Wednesday, January 04, 2012

So far so bueno .... famous last words

When one finds one self in a Spanish speaking country bordering a French and Kreyol speaking country on a rainy day, what does one do to add a little pizazz to their life?

I'll tell you what one does.

It's really quite simple actually.

One travels to a gargantuan furniture store born in Agunnaryd, Sweden thanks to the courage of one Ingvar Kamprad.  That's what one does.  Of course.

Because: like they say, "at IKEA our vision is to create a better everyday life for the many people."

And who doesn't want a better everyday life for themselves and the many people?
I mean really. Who?

So that's what we did.  We drove into Santo Domingo in search of a better everyday life with Paige and Hope. (Everyone else stayed back at the house to have their regular everyday lives.) We walked aimlessly around the giant Swedish furniture store with our glazed eyes and racing hearts.  The escalators alone were enough to intimidate fools of our variety.

About 60 minutes into the adventure we agreed that our lives weren't so much feeling "better" as they were feeling sort of odd and random. Instead we were overwhelmed by the vastness of the store and the complexity of the choices and our inability to read Spanish signs.  The singular item I wanted to look at was bedding for Hope's bed.  It took all of our energy and brain power combined to locate that section and quickly determine they didn't have what we had in mind.

In addition to visiting the biggest and most overwhelming Swedish furniture store in the history of the universe, we also visited a more comfortable, predictable, small, and familiar store. Payless sells poorly made hoochie platform shoes world-wide people!

On our trip toward home, during a self-congratulatory moment Troy said, "So far so bueno".  As not to leave him hanging out there congratulating himself all by his lonesome, I said "good job getting us here honey!" ("You are a courageous warrior!!!" was implied.) Approximately fourteen seconds later I heard him say in a voice of urgency,  "you better pray".  I looked up from what I was reading to see a friendly Dominican officer approaching the driver window.

As it turns out our poorly thought out escapades didn't cease upon our arrival to the D.R.
Stupidity runs deep in these here parts.

From Facebook:

Dominican Republic police stop .... no passports on us ... we are idiots. (Only by grace were we just allowed to leave with Hope - we cannot prove she is ours w/out passports.) There is no one dumber than us. Period. End of story.
 ·  · 2 hours ago near Juan Dolio, San Pedro De Macoris

So when the officer asked for passports and Troy could not produce all four of them because three of them were still at the house 25 miles away, we used google translate (this happens verrrrry slowly mind-you) on the iphone to tell the officer that Hope was/is adopted and that we don't speak Spanish.  As in nada on the español (well, except for nada I mean).  He seemed unimpressed.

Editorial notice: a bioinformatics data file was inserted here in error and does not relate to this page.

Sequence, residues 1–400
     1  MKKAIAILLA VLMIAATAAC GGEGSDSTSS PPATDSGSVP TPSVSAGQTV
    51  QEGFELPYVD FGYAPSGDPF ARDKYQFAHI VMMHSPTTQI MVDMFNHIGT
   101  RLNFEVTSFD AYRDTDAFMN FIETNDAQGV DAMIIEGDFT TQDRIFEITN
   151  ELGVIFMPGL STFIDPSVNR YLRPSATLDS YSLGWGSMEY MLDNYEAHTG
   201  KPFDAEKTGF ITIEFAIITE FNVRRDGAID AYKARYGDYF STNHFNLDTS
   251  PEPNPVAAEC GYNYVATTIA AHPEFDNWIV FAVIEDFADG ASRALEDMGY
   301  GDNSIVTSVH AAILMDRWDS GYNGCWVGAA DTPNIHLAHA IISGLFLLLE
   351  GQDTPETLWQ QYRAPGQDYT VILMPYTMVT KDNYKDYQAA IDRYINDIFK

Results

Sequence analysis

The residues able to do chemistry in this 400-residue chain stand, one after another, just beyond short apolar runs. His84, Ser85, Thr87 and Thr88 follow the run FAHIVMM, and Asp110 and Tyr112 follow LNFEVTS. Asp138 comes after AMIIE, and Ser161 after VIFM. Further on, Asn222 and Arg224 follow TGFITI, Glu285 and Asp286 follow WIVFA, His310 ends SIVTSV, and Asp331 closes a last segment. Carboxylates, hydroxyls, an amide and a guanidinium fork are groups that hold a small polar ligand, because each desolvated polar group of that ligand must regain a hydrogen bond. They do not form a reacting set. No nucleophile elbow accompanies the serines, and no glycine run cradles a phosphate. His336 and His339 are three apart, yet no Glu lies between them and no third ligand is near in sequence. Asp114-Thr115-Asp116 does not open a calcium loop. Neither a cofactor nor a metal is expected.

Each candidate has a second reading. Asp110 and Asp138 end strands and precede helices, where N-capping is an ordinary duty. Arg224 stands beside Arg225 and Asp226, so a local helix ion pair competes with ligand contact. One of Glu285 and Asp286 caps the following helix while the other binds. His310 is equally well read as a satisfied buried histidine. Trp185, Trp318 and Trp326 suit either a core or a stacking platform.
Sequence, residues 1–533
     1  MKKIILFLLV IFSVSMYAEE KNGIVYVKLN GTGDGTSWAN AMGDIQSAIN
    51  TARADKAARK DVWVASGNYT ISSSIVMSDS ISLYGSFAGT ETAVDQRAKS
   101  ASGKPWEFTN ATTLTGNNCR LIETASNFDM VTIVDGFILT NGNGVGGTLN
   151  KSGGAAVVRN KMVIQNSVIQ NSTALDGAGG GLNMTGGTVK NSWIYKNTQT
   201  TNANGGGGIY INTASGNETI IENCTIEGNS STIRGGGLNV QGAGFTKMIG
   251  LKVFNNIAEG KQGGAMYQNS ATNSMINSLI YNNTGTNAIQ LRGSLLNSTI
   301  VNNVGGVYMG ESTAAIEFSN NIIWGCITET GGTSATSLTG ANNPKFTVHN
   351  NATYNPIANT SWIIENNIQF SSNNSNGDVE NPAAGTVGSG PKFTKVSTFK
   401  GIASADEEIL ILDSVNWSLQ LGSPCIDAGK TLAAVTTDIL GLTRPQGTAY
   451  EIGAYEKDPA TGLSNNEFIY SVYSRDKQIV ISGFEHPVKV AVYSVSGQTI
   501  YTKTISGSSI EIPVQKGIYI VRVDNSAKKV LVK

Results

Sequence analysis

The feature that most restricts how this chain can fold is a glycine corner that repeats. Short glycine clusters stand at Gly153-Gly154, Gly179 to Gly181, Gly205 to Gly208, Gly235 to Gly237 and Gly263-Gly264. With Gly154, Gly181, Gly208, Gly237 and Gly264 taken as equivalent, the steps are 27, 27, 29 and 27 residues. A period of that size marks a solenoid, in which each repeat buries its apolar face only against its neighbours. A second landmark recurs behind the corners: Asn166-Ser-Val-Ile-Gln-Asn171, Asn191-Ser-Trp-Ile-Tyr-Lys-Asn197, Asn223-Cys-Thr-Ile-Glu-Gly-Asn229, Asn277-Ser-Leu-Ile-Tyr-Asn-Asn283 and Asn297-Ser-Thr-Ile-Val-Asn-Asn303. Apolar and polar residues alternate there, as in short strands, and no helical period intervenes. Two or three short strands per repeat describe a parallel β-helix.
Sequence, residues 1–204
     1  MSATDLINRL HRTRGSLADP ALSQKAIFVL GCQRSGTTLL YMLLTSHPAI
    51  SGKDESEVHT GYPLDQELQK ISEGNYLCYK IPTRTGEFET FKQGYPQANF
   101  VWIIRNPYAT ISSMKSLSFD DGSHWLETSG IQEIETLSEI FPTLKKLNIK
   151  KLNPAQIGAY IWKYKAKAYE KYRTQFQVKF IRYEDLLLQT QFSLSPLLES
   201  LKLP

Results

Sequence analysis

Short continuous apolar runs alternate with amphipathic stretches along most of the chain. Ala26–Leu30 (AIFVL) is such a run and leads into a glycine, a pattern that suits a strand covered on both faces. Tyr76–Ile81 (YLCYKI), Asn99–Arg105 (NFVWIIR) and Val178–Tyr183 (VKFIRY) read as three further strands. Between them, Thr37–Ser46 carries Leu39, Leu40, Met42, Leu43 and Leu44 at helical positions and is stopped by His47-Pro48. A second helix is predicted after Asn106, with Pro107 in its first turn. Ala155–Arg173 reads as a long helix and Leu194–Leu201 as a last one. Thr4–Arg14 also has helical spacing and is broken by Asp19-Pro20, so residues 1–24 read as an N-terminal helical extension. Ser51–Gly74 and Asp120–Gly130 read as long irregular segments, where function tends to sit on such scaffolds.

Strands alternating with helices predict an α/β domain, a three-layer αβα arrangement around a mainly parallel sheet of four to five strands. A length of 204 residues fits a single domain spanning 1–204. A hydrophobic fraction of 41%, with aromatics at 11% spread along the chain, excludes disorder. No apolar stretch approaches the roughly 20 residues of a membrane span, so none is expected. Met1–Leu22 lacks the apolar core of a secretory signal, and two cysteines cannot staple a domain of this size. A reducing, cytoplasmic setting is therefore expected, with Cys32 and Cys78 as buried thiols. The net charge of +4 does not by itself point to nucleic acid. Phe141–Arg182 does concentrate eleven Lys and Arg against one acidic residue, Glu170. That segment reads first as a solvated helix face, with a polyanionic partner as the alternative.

While he walked a circle around our car trying to decide what to do with us, we prayed.  For approximately five minutes we were wondering how Britt and Chris could come bail us out of the clink without a vehicle or phones we could call them on to beg for their help.  

When we drove off we checked our pants for poo and thanked God for the merciful officer and google translate.  

It seems like there was a lesson to be learned in all of this.  Maybe "stop being morons" or "act like you know something" or just "carry your passport in a foreign land when your children don't match you." 

We've discussed it at length and we are feeling fairly certain that yes, indeed - it has got to be one of those.

We've been aware the entire time we've been here that a family like ours is a bit unusual.  Between the curious looks and the questions from fellow-vacationers we're learning that what we have going is not such a normal thing in the Dominican Republic.  "Are these children yours?" has been a frequently posed question.  (Fair enough question.)

Haitians don't have high social status in the D.R.  There are organizations and brave people fighting to change that, but the fact is, Haitians are often treated poorly here.  I admit that knowing that the other vacationers could be thinking we use our Haitian kids as "house help" has made for multiple occasions where-in I had to force myself not to do something super obnoxious to prove that is not the case.  I mean, asking Lydia and Noah and Paige to fan Isaac, Hope and Phoebe and massage their feet while feeding them grapes poolside for hours could cause some trouble among siblings.  Possibly.  The only other idea I had was to yell "I love you ISAAC - like SO SO MUCH"  & "I love you HOPE!"  loudly across the lawn while the Dominican neighbors looked on and felt guilt for judging our intentions.  "Oh - for shame on us, they really love those kids" they'd whisper to one another.

It will soon be time to head home.  We're blessed beyond measure to have been given this opportunity to exhibit our naiveté and poor planning skills ... And to enjoy time as a family.  

We're hearing from Haiti that in just four days FOUR baby boys have been born to moms in the prenatal program.  We're hearing the Harbor House gals have almost all returned from seeing their extended families for the New Year and Independence Day celebrations.  We're worrying slightly about the two that haven't. We're happy to have learned we miss that place and those people by about day seven. 

Most of all, we're excited to get across the border where things are more familiar and life is what we expect it to be .... An adventure.